Electronic Discovery is an industry where both technological competence and legal literacy are major players. The EDRM model is at the core of modern litigation, which makes it more important than ever to familiarize yourself with the buzz words being used in the space. To aid in that, here is our second batch of common eDiscovery, forensics, and hosting words that will help up your game.
Learning how to navigate the waters of eDiscovery can be difficult, especially when so many common industry terms can sound like a completely different language. Some terms hold a consistent meaning while others change when they’re being applied to the fields of electronic discovery and digital forensics. Here are a few common terms that occur naturally in conversations around litigation to help lift your eDiscovery literacy.
What is Cryptocurrency Cryptocurrency is a digital form of currency that exists outside of centralized authority which is also known as decentralized finance (DeFi). Cryptocurrency is an alternative to fiat money, which is any physical currency that is backed by central governing authority such as the US Dollar and Euro. While Bitcoin (BTC) is the…
Email threading is commonly put to use due to its ability to lower cost and increase speed when properly implemented. The amount of emails sent everyday continues to rapidly grow and having to navigate such massive and cluttered accounts results in increased time and money for litigation and eDiscovery.
Understanding security compliance can be especially important for legal firms that represent banks, defense contractors and other financial institutions that are regulated by the PCI Security Standards Council and the Sarbanes-Oxley Act. Data security will continue to remain a major focus for corporate IT risk management.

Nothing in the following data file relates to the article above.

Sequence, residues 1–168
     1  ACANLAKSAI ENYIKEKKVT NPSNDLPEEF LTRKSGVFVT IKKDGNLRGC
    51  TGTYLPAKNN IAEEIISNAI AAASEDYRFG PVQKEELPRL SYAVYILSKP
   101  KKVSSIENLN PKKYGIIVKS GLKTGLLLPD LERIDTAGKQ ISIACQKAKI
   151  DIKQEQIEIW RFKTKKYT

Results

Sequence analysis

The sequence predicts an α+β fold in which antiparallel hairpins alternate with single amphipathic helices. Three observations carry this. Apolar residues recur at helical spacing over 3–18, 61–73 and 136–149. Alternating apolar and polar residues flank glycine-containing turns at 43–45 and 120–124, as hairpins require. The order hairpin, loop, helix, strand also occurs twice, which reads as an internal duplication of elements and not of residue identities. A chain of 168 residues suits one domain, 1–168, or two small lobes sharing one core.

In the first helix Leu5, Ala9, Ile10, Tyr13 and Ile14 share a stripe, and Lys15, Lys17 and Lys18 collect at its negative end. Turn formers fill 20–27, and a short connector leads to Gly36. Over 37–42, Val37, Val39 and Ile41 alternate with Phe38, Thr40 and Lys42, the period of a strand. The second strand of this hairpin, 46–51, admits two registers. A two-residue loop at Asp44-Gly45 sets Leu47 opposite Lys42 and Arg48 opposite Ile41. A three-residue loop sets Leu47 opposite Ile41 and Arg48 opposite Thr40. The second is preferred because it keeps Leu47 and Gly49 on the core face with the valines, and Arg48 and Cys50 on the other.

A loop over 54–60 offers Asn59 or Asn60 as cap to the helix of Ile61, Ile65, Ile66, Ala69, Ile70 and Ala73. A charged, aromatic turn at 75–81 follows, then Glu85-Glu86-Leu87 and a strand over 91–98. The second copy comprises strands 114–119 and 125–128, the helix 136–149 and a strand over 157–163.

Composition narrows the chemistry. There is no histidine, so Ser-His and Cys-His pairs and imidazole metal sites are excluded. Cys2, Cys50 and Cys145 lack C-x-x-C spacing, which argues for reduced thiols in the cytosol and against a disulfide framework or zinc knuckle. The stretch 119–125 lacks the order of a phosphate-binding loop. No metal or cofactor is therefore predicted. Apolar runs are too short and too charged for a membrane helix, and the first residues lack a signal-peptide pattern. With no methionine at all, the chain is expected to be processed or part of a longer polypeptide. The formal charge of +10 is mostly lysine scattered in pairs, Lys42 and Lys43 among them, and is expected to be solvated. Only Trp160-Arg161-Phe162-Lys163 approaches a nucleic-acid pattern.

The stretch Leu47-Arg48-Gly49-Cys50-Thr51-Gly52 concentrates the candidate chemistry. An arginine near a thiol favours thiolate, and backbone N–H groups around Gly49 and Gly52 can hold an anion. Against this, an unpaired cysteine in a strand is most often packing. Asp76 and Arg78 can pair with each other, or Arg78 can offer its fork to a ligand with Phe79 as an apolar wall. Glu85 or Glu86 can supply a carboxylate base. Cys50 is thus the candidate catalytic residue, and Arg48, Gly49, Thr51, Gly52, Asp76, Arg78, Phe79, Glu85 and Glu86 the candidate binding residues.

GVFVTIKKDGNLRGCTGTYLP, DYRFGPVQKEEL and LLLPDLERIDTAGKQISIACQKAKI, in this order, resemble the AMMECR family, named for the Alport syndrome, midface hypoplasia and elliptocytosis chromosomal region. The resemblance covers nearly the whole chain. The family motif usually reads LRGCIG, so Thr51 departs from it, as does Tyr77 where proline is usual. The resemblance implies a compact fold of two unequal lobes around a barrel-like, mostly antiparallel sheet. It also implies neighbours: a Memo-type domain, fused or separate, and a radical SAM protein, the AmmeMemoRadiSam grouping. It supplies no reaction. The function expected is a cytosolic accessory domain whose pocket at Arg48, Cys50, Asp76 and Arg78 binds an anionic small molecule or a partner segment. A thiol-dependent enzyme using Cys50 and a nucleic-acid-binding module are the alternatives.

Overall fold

Document review has become a major profit service for law firms. This gives an inlet to new technologies that allow smaller law firms to take clients they would never normally be able to handle. Additionally, eDiscovery takes the responsibility out of the domain of industry titans instead of making them enlist a large pool of high cost attorneys. In turn this has created scalability that is leveling the playing field in litigation services.
FRCP Rule 37. Failure to Make Disclosures or Cooperate in Discovery: Sanctions (e) Failure to Preserve Electronically Stored Information. (f) Failure to Participate in Framing a Discovery Plan Essentially, Federal Rule 37(e) governs the requirement for competent preservation of discoverable information and ESI that may be related to the matter. Rule 37(f) addresses the need…
TERIS tightly manages an eDiscovery engagement by applying these 10 key industry-wide process steps, which help minimize the risks and exposure, while balancing the costs involved:
Once the data has been identified through appropriate data mapping techniques, and defensibly collected by a certified forensic examiner the data moves onto the next stage within the electronic data reference model (EDRM). Following collection, the data will need to be processed for electronic discovery and further review. This can include converting file types into archivable structured formats to maintaining the files in native format for review.
To understand when and where to spend money on digital forensics, it is important to understand first what you are buying, then understand when it should be used. This is a response to those questions.